2.4.5

Peacetime and Wartime

Many instances exist where the age limits or various exemption possibilities apply only in time of peace, or are modified in time of war. 

In Greece, for example, in peacetime call-up may take place from the beginning of the year in which the conscript becomes 19, but in time of mobilisation Article 1 of Law 2510/1997 lowers this age by a year, and Article 14 permits the Minister of Defence to authorise the recruitment of volunteers a year before they would be subject to conscription. As it happens, Greece has been in a permanent state of mobilisation since 1976, although it is not clear whether advantage has in practice been taken of these provisions.

Article 2 of the Militia Act (1962) in Belgium, permits conscripts to be called up in time of war or a threat to the territory, from 1st January of the year in which they become 17. In both Estonia (Article 124 of the Constitution) and Kyrgystan (Article 20 of the 1998 ‘Law on mobilisation preparation and mobilisation in the Kyrgyz Republic,’) make citizens over 16 subject to military service in time of mobilisation. A similar provision in Mozambique was criticised by the Committee on the Rights of the Child.[1] Not only does the Optional Protocol to the Convention on the Rights of the Child on the Involvement of Children in Armed Conflict contain an absolute prohibition on the conscription of under-18s; ILO Convention 182 on the Worst Forms of Child Labour which has been even more widely ratified (including by the States cited as examples above) bans the forced or compulsory recruitment of children for use in armed conflict. Such legal provisions to lower the conscription age in wartime, or when war is imminent, would thus lead most States into direct breaches of their treaty obligations, were they actually to be implemented.[2]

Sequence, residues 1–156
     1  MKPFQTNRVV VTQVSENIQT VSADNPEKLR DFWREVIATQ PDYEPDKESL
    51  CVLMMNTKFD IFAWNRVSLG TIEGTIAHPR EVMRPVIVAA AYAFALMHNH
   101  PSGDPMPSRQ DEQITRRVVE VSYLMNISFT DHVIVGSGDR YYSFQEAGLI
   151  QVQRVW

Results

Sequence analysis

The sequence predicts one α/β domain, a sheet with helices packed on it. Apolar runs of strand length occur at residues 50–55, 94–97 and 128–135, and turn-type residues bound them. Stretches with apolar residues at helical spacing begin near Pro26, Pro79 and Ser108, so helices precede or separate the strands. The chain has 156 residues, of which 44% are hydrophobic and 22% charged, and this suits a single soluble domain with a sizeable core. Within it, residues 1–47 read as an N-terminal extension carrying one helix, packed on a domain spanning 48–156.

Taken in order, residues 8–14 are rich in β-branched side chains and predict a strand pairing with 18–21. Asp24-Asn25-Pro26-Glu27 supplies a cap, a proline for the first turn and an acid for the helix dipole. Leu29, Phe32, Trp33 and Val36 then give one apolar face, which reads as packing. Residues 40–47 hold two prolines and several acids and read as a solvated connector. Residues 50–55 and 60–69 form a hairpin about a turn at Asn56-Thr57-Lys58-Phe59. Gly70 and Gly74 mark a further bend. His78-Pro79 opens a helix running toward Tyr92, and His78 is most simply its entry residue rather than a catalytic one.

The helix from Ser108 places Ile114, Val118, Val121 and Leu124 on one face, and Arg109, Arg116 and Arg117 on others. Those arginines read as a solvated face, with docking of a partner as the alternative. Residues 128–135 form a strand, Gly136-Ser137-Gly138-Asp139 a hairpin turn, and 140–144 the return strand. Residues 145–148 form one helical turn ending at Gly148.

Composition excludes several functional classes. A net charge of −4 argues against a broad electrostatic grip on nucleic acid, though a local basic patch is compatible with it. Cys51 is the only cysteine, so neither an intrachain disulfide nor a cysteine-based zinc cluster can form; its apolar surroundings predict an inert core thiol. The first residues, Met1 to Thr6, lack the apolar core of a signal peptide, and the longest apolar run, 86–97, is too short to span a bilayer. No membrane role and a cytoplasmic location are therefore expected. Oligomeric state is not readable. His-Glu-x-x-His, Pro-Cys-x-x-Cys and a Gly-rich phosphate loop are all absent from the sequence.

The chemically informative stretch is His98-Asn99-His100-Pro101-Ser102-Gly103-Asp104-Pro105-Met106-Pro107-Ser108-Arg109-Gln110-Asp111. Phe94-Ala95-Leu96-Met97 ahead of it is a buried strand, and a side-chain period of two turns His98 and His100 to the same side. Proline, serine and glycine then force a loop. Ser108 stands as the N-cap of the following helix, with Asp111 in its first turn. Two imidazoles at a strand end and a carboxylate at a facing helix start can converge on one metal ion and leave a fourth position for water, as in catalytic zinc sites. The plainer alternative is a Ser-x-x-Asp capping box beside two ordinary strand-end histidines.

Women may be conscriptable in war - though generally not for active service. This is for instance the case in Paraguay and Brazil. Brazil is also one of the States where the exemption of the clergy from military service does not apply in time of war: Women and members of the clergy are exempt from military service in times of peace, although they are subject to other obligations set out in law.[3] Many Vatican Concordats with States allow the exemption of priests from military service in time of peace, but permit their recruitment for unarmed service as chaplains or medical assistants in time of war or general mobilisation.

In Sweden, under the Act on Liability for Total Defence Service, The supply of personnel for the Total Defence shall be secured by a liability for Total Defence for each Swedish citizen from the beginning of the year when he or she becomes 16 years old until the end of the year when he or she becomes 70 years old. The obligation is also valid for each person living in Sweden without Swedish citizenship.[4] This liability involves military, civilian, or general service. The military and civilian service includes basic training, refresher training, readiness service and wartime service. The general service implies that a person who is liable for Total Defence is obliged to serve during increased readiness...[5]


  • [1] Concluding observations of the Committee on the Rights of the Child: Mozambique, UN Document CRC/C/15/Add.172, 3 April 2002, paragraph 23 (c).
  • [2] Romania, on the other hand, which according to the Child Soldiers Global Report 2004 has a provision to lower the conscription age from 20 to 18 in time of war, would be able to implement this without implications for its treaty obligations.
  • [3] Brazil's Declaration to accompany its ratification of the Optional Protocol to the Convention on the Rights of the the Child on the involvement of children in armed conflict.
  • [4] Act on Liability for Total Defence Service, 1809/1994, Paragraph 1.2
  • [5] Ibid., paragraph 1.4